Are prognostic factors of risk profiling useful?


When deciding whether or not to prescribe systemic therapy in the presence of micrometastases or isolated tumour cells, correcting the risk of recurrence may be considered when using Adjuvant! with a factor of 1.5 (confidence interval of 1.15 – 2.13), if “0’ is entered for the node status. Parallel to this, the predicted benefit in relation to the recurrence-free survival of systemic therapy will somewhat increase.


Too little is known to make a recommendation on  the effect on survival.



Level 2

The prognostic value of the traditional prognostic factors, as incorporated in the Nottingham Prognostic Index, the Sankt Gallen classification and Adjuvant!, has been found to be reproducible in large, independently conducted studies.


B          Boyages 2002, Boyages 2006, Colomer 2004, Lundin 2006, Olivotto 2005, Mook 2009


Level 3

There are indications that the presence of micrometastases or isolated tumour cells has a negative influence on the   disease-free survival with a hazard ratio of 1.5 at a median follow-up of 5   years and that the relative risk reduction in relation to the disease-free survival with adjuvant systemic treatment in this group of patients is no different than in the general breast cancer population.


B          de Boer 2009

Literature summary

There are various classification systems to estimate the chance of metastasis and death of individual patients. The main ones are the Nottingham Prognostic Index (NPI) [Galea, 1992], the St. Gallen classification [Goldhirsch, 2006; Goldhirsch, 2007; Goldhirsch, 2009] and Adjuvant! ( All these classification systems are based on traditional prognostic factors, including tumour size, lymph node status and tumour grading. In addition, the St. Gallen classification also uses age at time of diagnosis, the number of positive lymph nodes, oestrogen receptor status, the presence of peritumoural vascular invasion and overexpression of HER2. Furthermore, Adjuvant! offers the possibility of taking the presence of comorbidity into account at the time of diagnosis when making the prediction.


The prognostic value of the abovementioned traditional prognostic factors, as has been incorporated in the NPI, the St. Gallen classification and Adjuvant! has been found to be reproducible in large, independently conducted studies with unselected, non-overlapping patient populations [Boyages, 2002; Boyages, 2006; Colomer, 2004; Lundin, 2006; Olivotto, 2005]. It appears that improvement in the prognostic value of the NPI by addition of other variables such as progesterone receptor and HER2 is possible, but has not been validated [van Belle, 2010]. A side note with the St. Gallen classification system is that a disproportionate number of patients in the various validation studies with negative lymph nodes (> 70%) are classified as intermediate risk or high risk and are therefore eligible for adjuvant systemic therapy [Boyages, 2002].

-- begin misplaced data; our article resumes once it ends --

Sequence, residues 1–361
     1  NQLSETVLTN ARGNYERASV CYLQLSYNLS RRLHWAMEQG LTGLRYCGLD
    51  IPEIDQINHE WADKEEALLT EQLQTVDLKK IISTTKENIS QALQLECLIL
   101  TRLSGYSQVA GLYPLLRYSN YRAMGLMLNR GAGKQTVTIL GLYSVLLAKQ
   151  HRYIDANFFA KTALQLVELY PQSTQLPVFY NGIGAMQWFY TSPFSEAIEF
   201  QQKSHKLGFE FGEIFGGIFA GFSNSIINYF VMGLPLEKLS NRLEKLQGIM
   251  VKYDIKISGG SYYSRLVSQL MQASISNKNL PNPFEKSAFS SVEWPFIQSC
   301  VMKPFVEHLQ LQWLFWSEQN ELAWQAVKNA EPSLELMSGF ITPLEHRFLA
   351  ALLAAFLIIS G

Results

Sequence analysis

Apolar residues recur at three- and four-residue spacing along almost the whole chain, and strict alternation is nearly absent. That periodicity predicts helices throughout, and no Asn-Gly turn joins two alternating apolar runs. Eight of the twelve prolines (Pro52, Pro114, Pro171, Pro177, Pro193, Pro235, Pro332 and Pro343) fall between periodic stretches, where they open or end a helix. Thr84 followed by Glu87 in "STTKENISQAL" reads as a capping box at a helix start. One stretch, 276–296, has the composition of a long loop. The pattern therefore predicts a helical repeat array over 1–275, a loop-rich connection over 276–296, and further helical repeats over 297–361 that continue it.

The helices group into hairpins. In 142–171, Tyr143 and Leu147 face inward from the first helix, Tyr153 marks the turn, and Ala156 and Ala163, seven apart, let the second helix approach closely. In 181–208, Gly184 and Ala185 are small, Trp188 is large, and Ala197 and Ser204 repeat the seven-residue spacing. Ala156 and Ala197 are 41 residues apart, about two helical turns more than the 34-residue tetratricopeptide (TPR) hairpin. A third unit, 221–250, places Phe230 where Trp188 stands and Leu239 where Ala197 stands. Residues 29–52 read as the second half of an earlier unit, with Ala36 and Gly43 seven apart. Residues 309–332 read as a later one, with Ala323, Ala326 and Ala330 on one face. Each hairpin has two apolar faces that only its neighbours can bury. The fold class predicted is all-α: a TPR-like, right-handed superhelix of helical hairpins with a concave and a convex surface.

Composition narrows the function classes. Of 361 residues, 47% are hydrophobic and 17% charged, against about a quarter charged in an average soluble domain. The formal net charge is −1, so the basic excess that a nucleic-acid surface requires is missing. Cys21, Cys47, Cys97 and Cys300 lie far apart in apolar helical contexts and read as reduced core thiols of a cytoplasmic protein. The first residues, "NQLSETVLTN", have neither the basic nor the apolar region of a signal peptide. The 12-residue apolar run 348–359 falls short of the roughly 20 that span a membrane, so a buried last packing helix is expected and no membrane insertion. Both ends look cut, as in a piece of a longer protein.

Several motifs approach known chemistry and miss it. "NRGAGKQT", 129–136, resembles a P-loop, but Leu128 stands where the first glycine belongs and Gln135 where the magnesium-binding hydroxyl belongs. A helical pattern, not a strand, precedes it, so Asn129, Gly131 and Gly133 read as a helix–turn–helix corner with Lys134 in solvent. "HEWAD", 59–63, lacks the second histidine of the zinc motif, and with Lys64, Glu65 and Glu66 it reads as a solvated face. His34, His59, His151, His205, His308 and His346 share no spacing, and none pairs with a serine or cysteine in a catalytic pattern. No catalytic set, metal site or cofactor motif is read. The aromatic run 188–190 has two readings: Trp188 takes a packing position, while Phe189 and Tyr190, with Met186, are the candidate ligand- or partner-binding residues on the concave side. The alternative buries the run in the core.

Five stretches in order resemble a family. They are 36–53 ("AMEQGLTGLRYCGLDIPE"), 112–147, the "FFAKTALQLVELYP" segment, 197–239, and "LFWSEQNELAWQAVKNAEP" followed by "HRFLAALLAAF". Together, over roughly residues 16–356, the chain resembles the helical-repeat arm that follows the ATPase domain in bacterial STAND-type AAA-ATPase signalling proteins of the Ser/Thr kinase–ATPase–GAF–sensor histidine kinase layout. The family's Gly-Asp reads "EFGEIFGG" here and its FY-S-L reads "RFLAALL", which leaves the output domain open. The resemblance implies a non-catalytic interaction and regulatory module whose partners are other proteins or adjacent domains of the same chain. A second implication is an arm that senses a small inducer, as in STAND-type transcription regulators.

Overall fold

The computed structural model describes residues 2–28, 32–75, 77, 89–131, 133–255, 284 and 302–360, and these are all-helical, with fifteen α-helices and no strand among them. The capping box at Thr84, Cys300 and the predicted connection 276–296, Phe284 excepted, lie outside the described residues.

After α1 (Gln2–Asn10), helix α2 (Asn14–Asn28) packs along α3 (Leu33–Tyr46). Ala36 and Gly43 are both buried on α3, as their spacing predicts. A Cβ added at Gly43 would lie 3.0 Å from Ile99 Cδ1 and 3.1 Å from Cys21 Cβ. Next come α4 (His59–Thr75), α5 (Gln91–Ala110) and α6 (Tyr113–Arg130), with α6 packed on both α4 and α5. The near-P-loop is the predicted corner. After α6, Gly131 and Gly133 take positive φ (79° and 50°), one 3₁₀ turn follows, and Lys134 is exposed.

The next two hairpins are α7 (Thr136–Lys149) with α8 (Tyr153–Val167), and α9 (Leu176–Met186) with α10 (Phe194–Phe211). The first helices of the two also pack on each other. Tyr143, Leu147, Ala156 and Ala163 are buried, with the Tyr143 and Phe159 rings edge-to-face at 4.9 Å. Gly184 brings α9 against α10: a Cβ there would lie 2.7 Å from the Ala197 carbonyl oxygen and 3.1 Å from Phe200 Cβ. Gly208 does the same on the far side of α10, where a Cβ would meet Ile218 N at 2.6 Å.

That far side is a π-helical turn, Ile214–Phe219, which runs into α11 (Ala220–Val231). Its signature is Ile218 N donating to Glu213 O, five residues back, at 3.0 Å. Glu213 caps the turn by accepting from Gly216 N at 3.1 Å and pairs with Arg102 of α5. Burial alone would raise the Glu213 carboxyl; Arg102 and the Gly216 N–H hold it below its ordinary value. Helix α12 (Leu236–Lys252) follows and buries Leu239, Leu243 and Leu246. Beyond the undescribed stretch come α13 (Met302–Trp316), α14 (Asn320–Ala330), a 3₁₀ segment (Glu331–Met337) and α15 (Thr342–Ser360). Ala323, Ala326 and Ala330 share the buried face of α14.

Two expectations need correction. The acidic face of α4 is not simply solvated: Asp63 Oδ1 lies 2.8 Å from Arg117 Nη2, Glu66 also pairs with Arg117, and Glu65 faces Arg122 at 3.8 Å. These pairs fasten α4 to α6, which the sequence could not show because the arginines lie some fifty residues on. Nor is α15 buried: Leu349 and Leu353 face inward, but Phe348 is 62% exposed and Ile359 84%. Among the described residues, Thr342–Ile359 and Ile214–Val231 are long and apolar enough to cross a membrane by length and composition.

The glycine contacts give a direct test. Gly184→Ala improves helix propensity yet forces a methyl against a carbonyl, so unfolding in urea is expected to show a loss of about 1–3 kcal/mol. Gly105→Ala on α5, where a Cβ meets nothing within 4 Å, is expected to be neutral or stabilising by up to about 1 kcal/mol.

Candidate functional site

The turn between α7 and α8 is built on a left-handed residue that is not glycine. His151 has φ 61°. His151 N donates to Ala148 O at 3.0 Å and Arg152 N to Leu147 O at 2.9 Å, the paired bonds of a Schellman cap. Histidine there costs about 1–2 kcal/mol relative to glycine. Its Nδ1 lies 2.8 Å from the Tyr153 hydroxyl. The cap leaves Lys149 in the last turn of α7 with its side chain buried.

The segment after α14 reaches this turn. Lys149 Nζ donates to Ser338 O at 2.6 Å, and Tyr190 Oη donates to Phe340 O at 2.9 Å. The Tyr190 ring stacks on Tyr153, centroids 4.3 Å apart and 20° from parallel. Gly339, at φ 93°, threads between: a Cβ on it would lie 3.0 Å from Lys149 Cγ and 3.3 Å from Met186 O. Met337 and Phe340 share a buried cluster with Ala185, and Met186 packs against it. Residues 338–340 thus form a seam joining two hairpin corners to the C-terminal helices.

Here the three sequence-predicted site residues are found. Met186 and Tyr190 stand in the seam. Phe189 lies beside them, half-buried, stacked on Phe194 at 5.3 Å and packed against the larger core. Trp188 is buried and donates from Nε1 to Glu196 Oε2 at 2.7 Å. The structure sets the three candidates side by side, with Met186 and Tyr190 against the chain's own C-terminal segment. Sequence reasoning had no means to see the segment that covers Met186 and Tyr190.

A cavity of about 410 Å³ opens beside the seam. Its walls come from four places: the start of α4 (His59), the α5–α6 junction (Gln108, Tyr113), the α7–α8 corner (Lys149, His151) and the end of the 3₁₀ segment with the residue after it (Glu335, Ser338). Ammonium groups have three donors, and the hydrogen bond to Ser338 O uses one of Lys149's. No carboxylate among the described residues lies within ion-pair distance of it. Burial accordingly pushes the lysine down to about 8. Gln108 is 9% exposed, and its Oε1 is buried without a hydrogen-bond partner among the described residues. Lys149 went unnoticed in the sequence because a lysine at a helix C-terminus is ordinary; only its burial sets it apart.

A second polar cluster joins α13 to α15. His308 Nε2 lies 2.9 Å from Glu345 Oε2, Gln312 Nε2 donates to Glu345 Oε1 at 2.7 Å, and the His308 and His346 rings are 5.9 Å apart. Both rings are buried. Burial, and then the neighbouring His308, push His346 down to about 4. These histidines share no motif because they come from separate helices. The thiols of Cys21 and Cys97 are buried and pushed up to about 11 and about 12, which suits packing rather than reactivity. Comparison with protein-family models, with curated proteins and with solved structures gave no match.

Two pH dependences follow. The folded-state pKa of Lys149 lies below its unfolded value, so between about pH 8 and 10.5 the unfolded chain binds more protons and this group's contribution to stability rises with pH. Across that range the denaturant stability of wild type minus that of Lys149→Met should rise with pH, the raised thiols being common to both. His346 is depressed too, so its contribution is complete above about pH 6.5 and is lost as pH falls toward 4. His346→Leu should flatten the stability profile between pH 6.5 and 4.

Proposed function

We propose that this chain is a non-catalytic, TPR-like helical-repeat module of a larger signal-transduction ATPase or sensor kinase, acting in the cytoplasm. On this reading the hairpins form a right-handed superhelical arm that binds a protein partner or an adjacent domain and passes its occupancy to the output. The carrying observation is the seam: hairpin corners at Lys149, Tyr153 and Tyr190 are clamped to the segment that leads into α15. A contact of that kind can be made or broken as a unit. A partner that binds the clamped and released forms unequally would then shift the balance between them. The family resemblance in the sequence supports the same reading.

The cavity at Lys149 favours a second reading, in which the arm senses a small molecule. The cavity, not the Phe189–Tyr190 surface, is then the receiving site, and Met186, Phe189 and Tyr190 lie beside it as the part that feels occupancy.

Compared to other risk classification systems, Adjuvant! offers the advantage  that an estimation is made per patient in the reduction in risk of death and risk of recurrence that may be realised with the prevailing medication-based treatments. These estimates are derived from the meta-analyses of the Early Breast Cancer Trialists’ Collaborative Group (EBCTCG). In this manner, it is a valuable aid in the advising of and decision-making with the patient. The system also provides the possibility to modify estimations on the basis of additional prognostic information, including HER2 status or angioinvasive growth, for example. The risk estimations in Adjuvant! are based on data from several tens of thousands of patients from the Merican Surveillance, Epidemiology and End Result (SEER) registration [Ravdin, 2001]. The predictions of the system have been validated in an independent population-based series of 4,083 Canadian patients [Olivotto, 2005]. The predictions appeared to be largely accurate, with the exception of women under 35 years of age, where the estimation by Adjuvant! of the absolute breast cancer-related risk of death was approximately 10% too low. Partly on the basis of these findings, the predictions in Adjuvant! for women under 35 years of age have been adjusted. In a group of 5,380 patients in the Netherlands with a median follow-up of 11.7 years, the prediction of 10-year total survival and specific survival with Adjuvant! was found to be accurate, with the exception of a too low estimation in the risk of death by 4% for patients under 40 years of age, despite an earlier adjustment on the basis of the Canadian study [Mook, 2009].